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    Leadership Essay Outline

    Leadership Essay Outline

    Thesis: To guarantee success throughout a mission, the charge of the Noncommissioned Officer, is imperative to set the standard. The six principles of Mission Control define the philosophies and regards of every soldier, from highest to least ranking. Defining and understanding each principle, detailing an experience parallel to the principle, and critiquing and reviewing experiences, are best methods to determine success of the commander’s direction and authority.

    Paragraph 1: Build Cohesive Teams through mutual Respect
    1. The ideal of a progressive team is one where respect, where there is “confidence among commanders, subordinates, and partners” (ADRP 6-0, 2-1).
    2. Trust is established through communication, performance, experience, reference, and review.
    3. When all figures in a group have respect for one another soldiers are “willing to exercise initiative if they believe their higher commander will accept and support the outcome of their decisions” (2-1).
    4. When everyone understands their strengths and limitations, it fosters a well-rounded individual.

    Paragraph 2: Create Shared Understanding

    1. Furthermore, once a team full of respect is assembled, the goal now is get everyone on the same page. This means to manifest a shared understanding
    2. The group whether it be a unit, a platoon, or a section, must take on collaborative effects so goal achievement can be easier sought.
    3. As a leader, I understand that as the ADRP states, “collaboration is not merely coordination. Collaboration is two or more people or organizations working together towards a common goal,” therefore it should be known that delegation of tasks is not the only expectations for an NCO. One the other hand, that it must also be reciprocated with active listening. (2-2).
    4. It shows that creating a dialogue aids in effective team building and flow.

    Paragraph 3: Provide Clear Commander’s Intent
    1. In addition to the group fostering its relationship, the next step is the commander’s intent, which the ADRP states, “is a clear and concise expression of the purpose of the operation and the desired military end state (2-3).”
    2. Due to the “broader purpose of the operation” being revealed, the understanding and expectation becomes clear of what is expected during the mission, and what’s the desired outcome of the mission.
    3. It’s similar to a mission statement, one that states what you are, what you can do for yourself and others, and what the finished product should look like.
    4. Commander’s Intent, be it that it is relatively easy to recall, it helps to keep the focus and morale of the group in tune for what the original mission is and the know capabilities of the soldiers on board.

    Paragraph 4: Exercised Disciplined Initiative

    1. As an NCO it is imperative as a leader to perform discipline and corrective action. I reference to that, and an NCO must understand and allow their soldier to understand that a corrective action is utilized to aid the soldier, not merely punish.
    2. This task however is handed over to the NCO in the trust of the commander.
    3. The expectation is that good judgment and just action be taken with soldier.
    4. There are also times where, “Commanders and subordinates are obligated to follow lawful orders. Commanders deviate from orders only when they are unlawful, risk the lives of Soldiers, or when orders no longer fit the situation (2-4).”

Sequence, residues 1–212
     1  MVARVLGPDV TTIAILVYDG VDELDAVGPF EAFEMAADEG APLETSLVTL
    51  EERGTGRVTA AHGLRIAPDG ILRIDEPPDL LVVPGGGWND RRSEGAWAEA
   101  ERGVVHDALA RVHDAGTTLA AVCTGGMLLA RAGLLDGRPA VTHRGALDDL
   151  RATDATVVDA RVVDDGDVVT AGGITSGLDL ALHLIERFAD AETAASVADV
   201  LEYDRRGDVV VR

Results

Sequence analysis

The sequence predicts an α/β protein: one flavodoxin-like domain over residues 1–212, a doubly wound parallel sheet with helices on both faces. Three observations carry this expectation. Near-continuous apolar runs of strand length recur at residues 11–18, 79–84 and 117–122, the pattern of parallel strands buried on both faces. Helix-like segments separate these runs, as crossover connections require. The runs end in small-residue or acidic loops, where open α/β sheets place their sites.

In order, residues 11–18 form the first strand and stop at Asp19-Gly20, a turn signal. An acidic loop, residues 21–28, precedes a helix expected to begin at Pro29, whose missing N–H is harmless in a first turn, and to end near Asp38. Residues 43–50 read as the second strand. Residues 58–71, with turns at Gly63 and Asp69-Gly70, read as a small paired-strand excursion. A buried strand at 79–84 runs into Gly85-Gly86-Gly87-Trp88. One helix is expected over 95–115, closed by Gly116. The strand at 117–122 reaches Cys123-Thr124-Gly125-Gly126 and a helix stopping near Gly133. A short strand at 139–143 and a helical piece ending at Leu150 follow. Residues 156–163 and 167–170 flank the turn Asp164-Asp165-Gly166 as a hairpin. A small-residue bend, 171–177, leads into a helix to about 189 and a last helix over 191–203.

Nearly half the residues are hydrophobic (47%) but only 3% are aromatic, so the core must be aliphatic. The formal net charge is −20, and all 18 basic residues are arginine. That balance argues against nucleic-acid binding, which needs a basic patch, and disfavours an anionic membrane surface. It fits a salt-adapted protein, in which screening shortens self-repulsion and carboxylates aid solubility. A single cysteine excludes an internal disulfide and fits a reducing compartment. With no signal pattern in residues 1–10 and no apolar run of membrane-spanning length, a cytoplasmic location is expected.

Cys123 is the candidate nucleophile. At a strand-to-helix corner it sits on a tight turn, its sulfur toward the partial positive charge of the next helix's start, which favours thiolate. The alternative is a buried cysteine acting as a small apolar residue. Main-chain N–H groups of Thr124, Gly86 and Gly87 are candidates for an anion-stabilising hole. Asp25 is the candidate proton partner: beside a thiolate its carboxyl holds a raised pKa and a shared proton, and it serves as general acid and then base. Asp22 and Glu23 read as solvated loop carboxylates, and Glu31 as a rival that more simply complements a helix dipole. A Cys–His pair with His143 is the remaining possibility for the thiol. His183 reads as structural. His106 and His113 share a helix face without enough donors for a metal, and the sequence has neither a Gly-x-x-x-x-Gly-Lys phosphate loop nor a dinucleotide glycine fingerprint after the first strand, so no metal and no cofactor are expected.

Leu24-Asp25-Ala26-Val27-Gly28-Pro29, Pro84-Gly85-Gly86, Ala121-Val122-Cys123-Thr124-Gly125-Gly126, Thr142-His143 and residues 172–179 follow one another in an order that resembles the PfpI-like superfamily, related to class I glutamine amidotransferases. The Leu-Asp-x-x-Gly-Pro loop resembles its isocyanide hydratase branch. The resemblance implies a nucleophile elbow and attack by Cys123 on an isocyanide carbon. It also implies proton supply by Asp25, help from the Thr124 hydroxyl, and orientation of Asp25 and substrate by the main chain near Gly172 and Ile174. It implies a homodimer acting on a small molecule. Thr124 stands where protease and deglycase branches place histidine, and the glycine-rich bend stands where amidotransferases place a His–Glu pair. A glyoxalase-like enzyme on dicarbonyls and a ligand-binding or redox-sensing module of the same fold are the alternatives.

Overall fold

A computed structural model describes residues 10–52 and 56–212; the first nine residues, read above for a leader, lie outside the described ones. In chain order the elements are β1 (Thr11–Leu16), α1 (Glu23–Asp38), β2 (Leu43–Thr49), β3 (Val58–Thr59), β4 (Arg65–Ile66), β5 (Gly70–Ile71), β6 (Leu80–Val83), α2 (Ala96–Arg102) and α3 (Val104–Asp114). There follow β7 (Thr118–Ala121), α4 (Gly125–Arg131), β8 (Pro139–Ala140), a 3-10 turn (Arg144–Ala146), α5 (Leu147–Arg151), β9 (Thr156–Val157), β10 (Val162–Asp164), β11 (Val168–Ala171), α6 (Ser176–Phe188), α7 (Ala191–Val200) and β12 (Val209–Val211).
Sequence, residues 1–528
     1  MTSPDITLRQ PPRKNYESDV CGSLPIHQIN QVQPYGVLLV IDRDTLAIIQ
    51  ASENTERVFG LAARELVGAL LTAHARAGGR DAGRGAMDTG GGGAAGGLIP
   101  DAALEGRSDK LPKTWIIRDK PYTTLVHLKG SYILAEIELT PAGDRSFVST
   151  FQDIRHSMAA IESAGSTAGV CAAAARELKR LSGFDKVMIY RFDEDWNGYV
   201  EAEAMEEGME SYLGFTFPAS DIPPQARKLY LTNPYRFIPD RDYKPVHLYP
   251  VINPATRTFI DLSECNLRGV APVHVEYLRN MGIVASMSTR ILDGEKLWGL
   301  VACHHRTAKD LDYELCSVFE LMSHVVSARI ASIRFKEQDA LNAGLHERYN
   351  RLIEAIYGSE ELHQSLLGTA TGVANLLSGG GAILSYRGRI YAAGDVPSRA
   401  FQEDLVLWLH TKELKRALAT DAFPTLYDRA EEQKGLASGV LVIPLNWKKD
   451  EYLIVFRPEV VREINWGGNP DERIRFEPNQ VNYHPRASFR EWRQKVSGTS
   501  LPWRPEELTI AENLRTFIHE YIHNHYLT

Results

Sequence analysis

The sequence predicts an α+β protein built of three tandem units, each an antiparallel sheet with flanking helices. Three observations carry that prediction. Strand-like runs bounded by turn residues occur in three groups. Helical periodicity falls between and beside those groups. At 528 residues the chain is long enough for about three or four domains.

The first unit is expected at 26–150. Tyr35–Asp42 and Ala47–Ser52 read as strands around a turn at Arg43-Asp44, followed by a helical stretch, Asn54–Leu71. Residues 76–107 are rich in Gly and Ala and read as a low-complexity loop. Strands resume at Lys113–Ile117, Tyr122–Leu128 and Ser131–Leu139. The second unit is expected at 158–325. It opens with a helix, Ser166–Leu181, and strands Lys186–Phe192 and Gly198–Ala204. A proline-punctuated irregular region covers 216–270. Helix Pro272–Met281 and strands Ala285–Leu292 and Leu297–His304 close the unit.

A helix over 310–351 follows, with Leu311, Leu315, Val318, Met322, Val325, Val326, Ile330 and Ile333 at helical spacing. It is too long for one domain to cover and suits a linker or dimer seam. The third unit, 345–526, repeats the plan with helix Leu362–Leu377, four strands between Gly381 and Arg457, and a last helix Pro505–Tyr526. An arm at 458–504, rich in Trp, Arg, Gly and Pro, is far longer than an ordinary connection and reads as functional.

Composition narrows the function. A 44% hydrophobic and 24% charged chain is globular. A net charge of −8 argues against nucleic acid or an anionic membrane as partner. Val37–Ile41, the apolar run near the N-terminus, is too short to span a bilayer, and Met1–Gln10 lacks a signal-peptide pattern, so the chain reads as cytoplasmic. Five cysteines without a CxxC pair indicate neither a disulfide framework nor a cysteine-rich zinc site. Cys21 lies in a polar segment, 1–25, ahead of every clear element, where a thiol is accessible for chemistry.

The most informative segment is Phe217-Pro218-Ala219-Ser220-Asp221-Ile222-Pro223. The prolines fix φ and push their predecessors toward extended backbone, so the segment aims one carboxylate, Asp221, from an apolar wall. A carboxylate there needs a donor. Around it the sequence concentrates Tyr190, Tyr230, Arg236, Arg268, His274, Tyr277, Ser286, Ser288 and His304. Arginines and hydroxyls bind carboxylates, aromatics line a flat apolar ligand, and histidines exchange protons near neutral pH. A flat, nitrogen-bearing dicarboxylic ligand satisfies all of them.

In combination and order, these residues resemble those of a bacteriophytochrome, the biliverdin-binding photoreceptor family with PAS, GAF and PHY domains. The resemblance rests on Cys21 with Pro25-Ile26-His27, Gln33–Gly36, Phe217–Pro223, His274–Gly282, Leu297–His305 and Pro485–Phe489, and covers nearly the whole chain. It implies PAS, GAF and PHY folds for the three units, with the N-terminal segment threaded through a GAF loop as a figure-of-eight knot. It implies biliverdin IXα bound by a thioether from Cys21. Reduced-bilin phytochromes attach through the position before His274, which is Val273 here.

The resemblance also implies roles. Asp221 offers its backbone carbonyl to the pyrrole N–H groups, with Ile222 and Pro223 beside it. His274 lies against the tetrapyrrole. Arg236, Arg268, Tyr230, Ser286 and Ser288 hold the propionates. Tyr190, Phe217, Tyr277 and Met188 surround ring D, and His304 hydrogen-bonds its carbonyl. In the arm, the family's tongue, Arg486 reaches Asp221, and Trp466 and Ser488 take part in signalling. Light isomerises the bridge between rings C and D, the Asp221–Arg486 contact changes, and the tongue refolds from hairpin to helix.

Paragraph 5: Use Mission Orders
    1. Simply put, this facet is defined as using “mission orders to assign tasks, allocate resources, and issue broad guidance (2-4).”
    2. As a leader, it’s important to delegate tasks as well as be able to take orders as well. All the same, supervision is broken down into two divisions, direct and indirect.
    3. Direct is where interaction is hands on, constant, close in proximity. The other is indirect, where interaction is limited and distanced. The NCOIC and NCO usually commands a direct fashion, whereas the commander instills indirect. This is due to levels of trust, expectation and availability.
    Paragraph 6: Accept Prudent Risks
    1. The explanation for prudent risk is “s a deliberate exposure to potential injury or loss when the commander judges the outcome in terms of mission accomplishment as worth the cost” (ADP 6-0).
    2. Planning is the most critical piece to success prior to the start of a mission.
    3. Understand the risks involved, but also being prepared as much as possible for the risks and are considered unexpected.
    4. Not everything goes as planned, therefore its important to be flexible, trained and prepared even for circumstances unseen.
    5. A successful NCO rightfully has prepared themselves for the worst in with the expectation of the best.


    1. The Mission Control philosophy is a cascade or tiered system of success. With each facet of the overall philosophy, a team or a group enables him or her a successful campaign.
    2. One of the most important ideals is communication. It accounts for the fluidity in all the tenets. Top to bottom communication and vice versa. Success is success when everyone and everything is heard.
    3. It’s cliché to say that no one is bigger than the team, but ‘you’re only as strong as your weakest link’. Therefore, when you include the importance of communication and empowering soldiers, it becomes a tangible idea.

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